Main Protective Bonding Regulations
Main Protective Bonding is a very important part of the 18th edition wiring regulations
Indeed, the main protective bonding regulations are often misunderstood or simply overlooked by contractors when completing work on existing installations
Ensuring that the requirements are met is an urgent safety issue, and electricians should make sure they know what is required and why bonding is so important.
Earthing vs Bonding
The most overlooked part of these regulations is the difference between earthing and bonding. As the bonding connects to the main earthing terminal, it can be easy to think that they are one and the same. However the reason behind them is actually quite different.
Earthing is the act of providing a low impedance path, such that in the event of a fault to an ‘earthed’ item (class 1), sufficient current will flow to disconnect the protective device for that circuit. In this way, earthing is designed to limit the duration of a fault
Main protective bonding is designed to connect items together which may introduce a potential (usually earth potential) into an area. In this way, they ensaure that should an earth fault occur, everything connected to the MET rises in potential at the same rate. By doing this, minimising potential differences, bonding is designed to limit the severity of a fault
For example, if an end user is holding a class 1 item which becomes live in one hand and a metal tap in the other hand, they can be exposed to a potential difference of 230v <> 0v (in the case that the tap is connected to buried pipework) between both hands. This can give a very dangerous, possibly lethal, shock across the heart.
By doing this, the severity of the shock will be lowered to an end user if they experience an earth fault.
The whole concept of earthing and bonding can be difficult to grasp at first, but it is worth remembering that anything connected to the main earthing terminal (MET) will become live until the protective device for the circuit disconnects the supply.
So if the kettle has a fault and the body becomes live (exposed conductive part) then the washing machine, dishwasher, boiler and any other class 1 items will become live at the the same potential until the protective device for the circuit to which the kettle is connected cuts the power.
In a nutshell, anything that is connected to true earth (buried pipework in the form of gas/water supplies or buried structural metal) will introduce an earth potential into the building (called an extraneous conductive part). This means that it needs bonding.
By doing this it creates an ‘equipotential zone’, an area where everything is interconnected to each other to ensure that the potential stays equal in the event of a fault occuring.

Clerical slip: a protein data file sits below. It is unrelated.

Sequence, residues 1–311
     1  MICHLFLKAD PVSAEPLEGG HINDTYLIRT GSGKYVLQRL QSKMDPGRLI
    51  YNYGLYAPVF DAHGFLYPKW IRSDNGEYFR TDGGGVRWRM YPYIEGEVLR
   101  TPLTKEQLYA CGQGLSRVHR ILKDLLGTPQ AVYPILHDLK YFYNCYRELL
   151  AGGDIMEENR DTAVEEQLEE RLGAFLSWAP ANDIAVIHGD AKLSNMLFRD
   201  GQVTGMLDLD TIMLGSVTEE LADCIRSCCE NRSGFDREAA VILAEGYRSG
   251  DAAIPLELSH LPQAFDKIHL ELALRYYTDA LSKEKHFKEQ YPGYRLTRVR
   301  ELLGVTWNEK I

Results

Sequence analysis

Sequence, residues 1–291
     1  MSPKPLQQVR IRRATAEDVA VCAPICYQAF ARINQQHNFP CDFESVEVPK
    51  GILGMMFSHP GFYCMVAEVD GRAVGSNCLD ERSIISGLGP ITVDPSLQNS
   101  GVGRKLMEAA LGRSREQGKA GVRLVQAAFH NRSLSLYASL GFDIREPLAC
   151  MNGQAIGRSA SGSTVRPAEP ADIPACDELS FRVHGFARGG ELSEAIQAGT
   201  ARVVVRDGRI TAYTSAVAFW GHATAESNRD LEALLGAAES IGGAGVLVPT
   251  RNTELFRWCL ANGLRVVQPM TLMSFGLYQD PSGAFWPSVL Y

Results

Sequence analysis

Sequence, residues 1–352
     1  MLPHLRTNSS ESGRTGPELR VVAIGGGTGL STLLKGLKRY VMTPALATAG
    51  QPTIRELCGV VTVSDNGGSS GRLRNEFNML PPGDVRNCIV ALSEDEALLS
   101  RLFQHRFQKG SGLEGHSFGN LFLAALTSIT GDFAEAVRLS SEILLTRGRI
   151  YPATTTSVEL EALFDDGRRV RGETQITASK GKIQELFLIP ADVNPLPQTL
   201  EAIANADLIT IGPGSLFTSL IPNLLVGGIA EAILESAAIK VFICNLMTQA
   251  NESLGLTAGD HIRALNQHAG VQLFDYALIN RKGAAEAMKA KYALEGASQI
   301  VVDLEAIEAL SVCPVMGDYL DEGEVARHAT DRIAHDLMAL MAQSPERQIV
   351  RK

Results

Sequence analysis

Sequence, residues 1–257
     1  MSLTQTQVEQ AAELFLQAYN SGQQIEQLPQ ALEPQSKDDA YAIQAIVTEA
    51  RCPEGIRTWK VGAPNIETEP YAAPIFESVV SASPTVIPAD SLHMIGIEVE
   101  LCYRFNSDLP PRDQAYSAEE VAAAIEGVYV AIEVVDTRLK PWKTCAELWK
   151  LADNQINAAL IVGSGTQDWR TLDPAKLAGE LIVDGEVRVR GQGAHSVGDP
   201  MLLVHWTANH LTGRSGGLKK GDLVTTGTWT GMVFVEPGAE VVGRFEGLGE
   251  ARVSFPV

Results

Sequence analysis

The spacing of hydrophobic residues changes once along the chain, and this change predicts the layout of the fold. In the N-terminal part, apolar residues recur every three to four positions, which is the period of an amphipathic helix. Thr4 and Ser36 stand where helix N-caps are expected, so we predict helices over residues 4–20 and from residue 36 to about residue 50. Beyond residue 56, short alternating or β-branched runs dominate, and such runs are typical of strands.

Whilst there are different types of bonding, electrical installations typically include main protective bonding and where required, supplementary bonding. This guide focuses particularly on main protective bonding regulations.
Where Does Main Protective Bonding Need Fitting?
Now we have established what main protective bonding is, it is important to be sure where exactly it needs fitting.
Main protective bonding needs fitting to anything that introduces a different potential (earth potential in this instance) into the equipotential zone.
Generally speaking, this is anything metal which is either buried in the floor or can be connected (bolted to the floor).
Quick examples are:
- Main water pipework which is buried in the floor before entering the property (metal)
- Main gas pipework which is buried in the floor (metal)
- Structural steelwork, can either be buried or bolted to the floor
- Oil pipework (from an outside tank)
If there are metal pipes which serve heating or water in an outbuilding, this would also require main bonding.
It should be noted that if a pipe travels through the building, entering and then exiting again, it should be bonded at both ends. This isn’t very usual in domestic installations, however commercial premises can have this type of arrangement quite often.
The bonding connection should be made to the pipework within 600mm of the entry to the property. It should also be made before any ‘branch’ pipework, such that alterations do not affect the continuity of the bonding.
In newer buildings, the main water pipework is quite often MDPE plastic, which according to the 18th edition DOES NOT require bonding. Equally, the main protective bonding regulations in the 18th state that if a pipe has an insulating section at the entry (for example a plastic section in the water pipework where a meter is fitted) then again, bonding is not required.
Main bonding is also required to be connected to lightning protection (if present), such as a lightning conductor. This is quite specialist and is dealt with by it’s own set of regulations, however be aware that a property which does have this fitted will need bonding fitted here.
What Size Cable Should I Use For Main Protective Bonding?
There are 2 ways to size the main protective bonding cables, one is by selection in table XX of BS7671.
This method MUST be used where the installation earthing arrangement is TN-C-S (PME), and you are free to use this method with any other earthing arrangement supply.
The table states that:
The alternative method is from regulation XXX.XX and basically requires that the bonding cables are at least half of the required size of the earthing conductor. It should be noted that this doesn’t mean the size of the earthing conductor which is actually fitted, but the required size (as per the adiabatic equation).